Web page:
Rachel Dolezal Resigns As Head Of Spokane N.A.A.C.P.
This should be the end of this story, but it probably won't be.
Rachel Dolezal, who became the center of a national news story over the weekend when her parents revealed that her claims to be African American are in fact untrue, has resigned as the head of the Spokane N.A.A.C.P.:
The head of the N.A.A.C.P. chapter in Spokane, subjected to national scrutiny and ridicule after it appeared she lied about her own racial background, announced Monday that she was quitting that post.
“It is with complete allegiance to the cause of racial and social justice and the N.A.A.C.P. that I step aside from the presidency and pass the baton to my vice president, Naima Quarles-Burnley,” Rachel A. Dolezal said in a statement that was posted to the chapter’s Facebook page.
It was not clear whether Ms. Dolezal would also give up her part-time teaching position in African-American studies at Eastern Washington University, or her membership on the Spokane police ombudsman’s commission.
For many reasons that have nothing at all to do with Dolezal herself, or even with issues of race, this story became a hot button issue rather quickly, especially as some people on the right sought to claim similarities between this case and the entire issue of transgenderism that had recently become more of a topic of public discussion thanks to the Caitlyn Jenner story. The more that we learned about this story, though, the less it seemed appropriate for it to be the impetus for large-scale national discussions. Primarily, this is because it had become exceedingly apparent in the past several days that there are likely some undisclosed emotional issues that may be behind both Dolezal’s behavior and her parents’ decision to step forward and expose her after many years of having a relationship that seems to be so complicated that the word estranged may not be sufficient to describe it. That doesn’t mean that this “national conversation” won’t continue, of course, because that’s just how our political culture works these days.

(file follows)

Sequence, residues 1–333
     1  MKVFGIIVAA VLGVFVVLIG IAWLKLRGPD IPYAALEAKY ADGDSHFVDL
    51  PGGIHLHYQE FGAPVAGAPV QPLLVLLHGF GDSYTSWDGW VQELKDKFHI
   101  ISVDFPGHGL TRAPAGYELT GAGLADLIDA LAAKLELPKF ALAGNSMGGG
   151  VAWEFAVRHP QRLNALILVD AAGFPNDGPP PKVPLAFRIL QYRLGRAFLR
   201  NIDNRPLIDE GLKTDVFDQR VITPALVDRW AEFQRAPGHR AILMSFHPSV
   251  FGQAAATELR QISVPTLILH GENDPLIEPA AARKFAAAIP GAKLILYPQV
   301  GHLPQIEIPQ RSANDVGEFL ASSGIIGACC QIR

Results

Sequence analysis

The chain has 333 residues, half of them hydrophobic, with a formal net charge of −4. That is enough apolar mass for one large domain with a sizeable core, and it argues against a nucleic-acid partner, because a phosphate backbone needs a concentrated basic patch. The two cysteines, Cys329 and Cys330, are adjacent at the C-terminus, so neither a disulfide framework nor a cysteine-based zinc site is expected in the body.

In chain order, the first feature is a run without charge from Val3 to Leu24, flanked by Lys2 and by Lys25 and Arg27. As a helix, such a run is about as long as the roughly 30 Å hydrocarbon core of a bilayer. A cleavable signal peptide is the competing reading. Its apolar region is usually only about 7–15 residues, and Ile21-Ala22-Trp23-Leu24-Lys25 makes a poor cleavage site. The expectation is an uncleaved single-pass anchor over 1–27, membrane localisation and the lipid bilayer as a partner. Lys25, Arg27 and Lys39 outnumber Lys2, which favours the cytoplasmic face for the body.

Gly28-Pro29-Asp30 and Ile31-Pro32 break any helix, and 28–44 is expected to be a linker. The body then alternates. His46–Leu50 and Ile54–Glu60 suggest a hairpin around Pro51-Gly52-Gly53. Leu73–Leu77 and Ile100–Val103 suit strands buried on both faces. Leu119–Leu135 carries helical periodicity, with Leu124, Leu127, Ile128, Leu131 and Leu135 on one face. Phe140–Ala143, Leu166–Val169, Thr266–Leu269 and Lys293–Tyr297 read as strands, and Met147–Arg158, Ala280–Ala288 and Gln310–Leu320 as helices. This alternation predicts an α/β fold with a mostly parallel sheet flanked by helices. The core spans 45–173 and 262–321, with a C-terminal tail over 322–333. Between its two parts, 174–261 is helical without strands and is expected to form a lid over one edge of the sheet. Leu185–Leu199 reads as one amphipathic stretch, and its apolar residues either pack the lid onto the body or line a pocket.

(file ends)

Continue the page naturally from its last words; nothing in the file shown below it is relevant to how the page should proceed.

I suspect we’ll be hearing more about Dolezal in the days ahead, and there’s at least some relevance in the question of what happens to her positions on various community boards and her academic career given the misrepresentations that she has been making for years. In general, though, I’m thinking that this is a story that is far less important than the media hype surrounding it is making it out to be.